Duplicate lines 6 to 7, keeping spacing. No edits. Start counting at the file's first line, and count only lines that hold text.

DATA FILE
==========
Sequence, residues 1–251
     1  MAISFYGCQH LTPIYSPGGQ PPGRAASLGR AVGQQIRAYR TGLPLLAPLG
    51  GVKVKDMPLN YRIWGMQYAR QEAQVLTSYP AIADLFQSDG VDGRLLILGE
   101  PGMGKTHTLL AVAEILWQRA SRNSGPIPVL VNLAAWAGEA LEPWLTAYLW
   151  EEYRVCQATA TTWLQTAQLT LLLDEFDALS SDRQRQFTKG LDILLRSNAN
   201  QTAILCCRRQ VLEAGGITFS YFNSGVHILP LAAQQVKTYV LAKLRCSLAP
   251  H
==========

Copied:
   201  QTAILCCRRQ VLEAGGITFS YFNSGVHILP LAAQQVKTYV LAKLRCSLAP
   251  H